Grow Your Own

In the garden centre this year we are inspiring people with growing projects for beginners and the most expert of gardeners. February is a great time to start your projects in the greenhouse so this month is all about the greenhouse, propagation or using the good old window sill to start your seeds off!

Try Growing Indoors / Greenhouse Using a Propagator or Window Sill

  • Seed Potatoes
  • Vegetables - Tomato and Cucumber seeds can be germinated now. If you fancy something a little more exotic why not try Peppers and Chillies. Aubergines and Melons can also be started now.
  • Sweet peas

The modern trend is turning towards people growing their own seeds and plants as the hobby builds in popularity. Many people try to grow things from seed and fail. There are some simple steps that will help to reduce failures that do not require too much effort and will increase confidence. To get you started here are our tips for growing indoors.

If you own a greenhouse it is advisable on a mild day to empty it out and clean and sterilise it with a plant friendly disinfectant like Jeyes fluid.

Remove any fallen or dead leaves as they harbour fungal diseases. Use a Sulphur candle as these produce a smoke which gets into every nook and cranny and kills any residual fungal spores that may be lurking there. When using chemicals always read the label before use and protect yourself from inhaling any fumes.

Make sure that the pots or seed trays are sterile and are clear of old debris.

Old compost is no good, use fresh only. If you have old bags of compost hanging around in the shed use them as soil improvers instead.

The compost should be a low nutrient one for sowing seeds and taking cuttings. Perlite as a topping is also good as it reflects light upwards under the leaves.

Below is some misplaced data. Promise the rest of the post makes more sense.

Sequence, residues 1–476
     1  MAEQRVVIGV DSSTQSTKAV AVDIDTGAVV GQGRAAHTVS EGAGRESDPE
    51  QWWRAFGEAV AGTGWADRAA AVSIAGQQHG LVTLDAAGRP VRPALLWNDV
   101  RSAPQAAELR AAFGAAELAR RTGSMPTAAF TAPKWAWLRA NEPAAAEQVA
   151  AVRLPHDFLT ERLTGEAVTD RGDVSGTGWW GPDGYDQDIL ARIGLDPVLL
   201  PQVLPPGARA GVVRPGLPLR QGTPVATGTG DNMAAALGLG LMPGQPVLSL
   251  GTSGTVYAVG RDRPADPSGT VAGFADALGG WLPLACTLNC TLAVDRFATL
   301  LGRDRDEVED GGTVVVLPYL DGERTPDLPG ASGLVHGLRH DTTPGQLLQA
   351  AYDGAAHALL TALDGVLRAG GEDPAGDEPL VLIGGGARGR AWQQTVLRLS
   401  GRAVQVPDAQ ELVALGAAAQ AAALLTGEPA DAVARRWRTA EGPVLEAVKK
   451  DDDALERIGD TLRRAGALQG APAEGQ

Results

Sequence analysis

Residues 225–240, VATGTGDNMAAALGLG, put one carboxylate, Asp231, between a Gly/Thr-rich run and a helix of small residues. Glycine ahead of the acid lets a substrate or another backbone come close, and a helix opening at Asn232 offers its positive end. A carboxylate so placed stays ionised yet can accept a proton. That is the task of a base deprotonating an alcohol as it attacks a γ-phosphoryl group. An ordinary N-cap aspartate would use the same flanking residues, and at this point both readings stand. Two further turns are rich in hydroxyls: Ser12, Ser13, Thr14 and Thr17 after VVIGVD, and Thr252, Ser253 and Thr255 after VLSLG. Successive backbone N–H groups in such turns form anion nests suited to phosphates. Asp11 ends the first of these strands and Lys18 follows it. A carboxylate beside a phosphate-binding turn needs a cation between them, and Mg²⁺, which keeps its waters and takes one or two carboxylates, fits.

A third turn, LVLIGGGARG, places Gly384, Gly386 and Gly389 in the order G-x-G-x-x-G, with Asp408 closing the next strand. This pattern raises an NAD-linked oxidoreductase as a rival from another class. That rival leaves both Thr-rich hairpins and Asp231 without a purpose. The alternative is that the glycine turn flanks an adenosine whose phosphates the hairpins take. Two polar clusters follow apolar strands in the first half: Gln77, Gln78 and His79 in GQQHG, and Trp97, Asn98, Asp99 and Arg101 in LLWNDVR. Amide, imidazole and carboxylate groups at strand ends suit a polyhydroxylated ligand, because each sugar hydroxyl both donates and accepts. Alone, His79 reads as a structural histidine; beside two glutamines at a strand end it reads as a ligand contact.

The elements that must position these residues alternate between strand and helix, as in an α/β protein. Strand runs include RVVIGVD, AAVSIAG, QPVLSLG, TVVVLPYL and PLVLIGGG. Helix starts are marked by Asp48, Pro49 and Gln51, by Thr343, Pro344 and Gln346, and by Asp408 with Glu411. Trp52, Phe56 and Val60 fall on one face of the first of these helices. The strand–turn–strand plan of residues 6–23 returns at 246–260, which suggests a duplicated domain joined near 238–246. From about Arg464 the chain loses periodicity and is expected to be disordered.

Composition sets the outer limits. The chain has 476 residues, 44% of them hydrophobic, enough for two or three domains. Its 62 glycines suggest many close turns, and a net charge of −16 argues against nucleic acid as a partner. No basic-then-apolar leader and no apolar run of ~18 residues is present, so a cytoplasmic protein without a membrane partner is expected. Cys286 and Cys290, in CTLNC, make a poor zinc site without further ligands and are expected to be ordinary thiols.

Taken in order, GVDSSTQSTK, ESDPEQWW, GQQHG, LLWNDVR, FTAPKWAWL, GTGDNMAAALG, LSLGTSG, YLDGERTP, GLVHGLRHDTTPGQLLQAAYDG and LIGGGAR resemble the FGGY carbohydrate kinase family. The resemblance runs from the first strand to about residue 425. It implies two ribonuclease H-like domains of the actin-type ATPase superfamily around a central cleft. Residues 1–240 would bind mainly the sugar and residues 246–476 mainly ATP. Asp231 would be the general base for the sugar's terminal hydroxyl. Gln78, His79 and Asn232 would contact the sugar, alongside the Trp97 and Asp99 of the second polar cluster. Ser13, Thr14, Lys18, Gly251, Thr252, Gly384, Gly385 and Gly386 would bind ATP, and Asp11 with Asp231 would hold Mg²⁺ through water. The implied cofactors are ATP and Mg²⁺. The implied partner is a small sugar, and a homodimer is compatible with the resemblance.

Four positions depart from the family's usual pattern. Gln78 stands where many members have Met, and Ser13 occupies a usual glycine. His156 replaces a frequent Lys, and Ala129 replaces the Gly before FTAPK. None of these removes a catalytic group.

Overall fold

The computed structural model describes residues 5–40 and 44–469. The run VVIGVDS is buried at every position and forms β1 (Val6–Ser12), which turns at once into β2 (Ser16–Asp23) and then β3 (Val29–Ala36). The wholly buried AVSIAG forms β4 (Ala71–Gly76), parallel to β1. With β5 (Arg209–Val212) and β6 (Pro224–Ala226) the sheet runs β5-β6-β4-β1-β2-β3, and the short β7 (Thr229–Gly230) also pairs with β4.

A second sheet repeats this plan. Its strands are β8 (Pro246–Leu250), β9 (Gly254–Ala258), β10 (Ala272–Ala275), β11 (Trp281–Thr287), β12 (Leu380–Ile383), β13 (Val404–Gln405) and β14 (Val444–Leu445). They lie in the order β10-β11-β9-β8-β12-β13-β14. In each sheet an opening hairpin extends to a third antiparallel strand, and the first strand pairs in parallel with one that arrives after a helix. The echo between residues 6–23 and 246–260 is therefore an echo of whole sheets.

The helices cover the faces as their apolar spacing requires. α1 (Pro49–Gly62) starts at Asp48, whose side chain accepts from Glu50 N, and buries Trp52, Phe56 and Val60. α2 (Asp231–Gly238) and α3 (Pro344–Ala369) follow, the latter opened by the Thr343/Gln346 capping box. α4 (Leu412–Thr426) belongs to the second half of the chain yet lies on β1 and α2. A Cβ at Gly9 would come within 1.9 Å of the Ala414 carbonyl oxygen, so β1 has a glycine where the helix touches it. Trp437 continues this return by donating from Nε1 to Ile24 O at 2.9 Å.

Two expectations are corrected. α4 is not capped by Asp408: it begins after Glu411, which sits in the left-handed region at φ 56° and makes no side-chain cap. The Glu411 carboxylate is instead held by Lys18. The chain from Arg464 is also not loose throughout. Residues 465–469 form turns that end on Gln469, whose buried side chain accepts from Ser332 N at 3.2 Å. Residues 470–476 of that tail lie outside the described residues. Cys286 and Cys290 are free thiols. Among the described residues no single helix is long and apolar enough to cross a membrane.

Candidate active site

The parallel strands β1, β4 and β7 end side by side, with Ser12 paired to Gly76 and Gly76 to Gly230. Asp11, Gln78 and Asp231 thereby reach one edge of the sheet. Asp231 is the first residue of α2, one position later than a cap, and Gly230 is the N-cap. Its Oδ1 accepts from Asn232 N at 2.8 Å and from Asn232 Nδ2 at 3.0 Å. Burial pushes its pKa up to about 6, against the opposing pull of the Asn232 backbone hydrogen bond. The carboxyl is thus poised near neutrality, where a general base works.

Sow seeds thinly to avoid overcrowding and water in Cheshunt compound, this will avoid fungal attack and damping off.

Propagators and plastic greenhouses should be treated in the same way. If you use a heated propagator use the vents as the condensation build up will exclude light and the seedlings stretch too much. Avoid overheating seedlings in greenhouses as they grow too fast and become soft and botrytis fungus will attack

If you follow these tips you will hopefully have less disasters and more successes which will spur you on to grow more and more. However if you don't get the results you anticipated bring your attempts along to us and we will try to help you work out what went wrong!


When should I prune my roses?


If you are talking about Hybrid teas and Floribunda types then a light autumn trim is recommended to reduce the risk of wind rock. The main prune however is best done in February. Hybrid teas and patio types can be really hard pruned to about an inch or two above ground. Floribundas to about 6 inches. Shrub roses can be left alone with little or no pruning, just dead wood removal. Climbers need light pruning of the last years flower stalks and Ramblers need old stems removed. Always prune bushes to outward facing buds to keep the centres open and remove any crossing branches.

Things to do in February

  • February is a cold month but if you have a heated greenhouse or warm conservatory you can sow tomatoes and early bedding pants.
  • Plant Lily bulbs in pots for summer displays.
  • Prune grape vines before the sap rises.
  • Dig beds and borders to allow the frost to break up clay soils.
  • Cut back dead growth on herbaceous plants.
  • Prune wisterias to promote flower buds.
  • Never walk on your lawn if it is frosty as you will get black footprints when it thaws as it bruises the grass.
  • Start off your chrysanthemum stools to get early cuttings. Use a rooting powder for soft cuttings.
  • Seed potatoes can be chitted in a warm place to get the eyes growing.

Plant of the month

Skimmias are often thought of as autumn plants but they still look good at this time of year. There are many varieties including new ones but the two old favourites are still the best in my book.

Skimmia Japonica Rubella is a male plant. It has deep evergreen glossy leaves and produces red flower buds in September. These intensify through the winter and stay red until March or April when they open to white scented flowers. Very few plants give 6 months of colour in this way.

Skimmia reevesiana is a self fertile plant which produces an abundance of red berries which the birds seem to leave alone. It has masses of white flowers in spring with a powerful scent also.

They are extremely versatile plants that need John Innes ericaceous compost in pots or an acid soil in the garden. They can be grown in window boxes or can even be used as centre plants in hanging baskets. They grow best in shady spots as intense sunlight bleaches the leaves.

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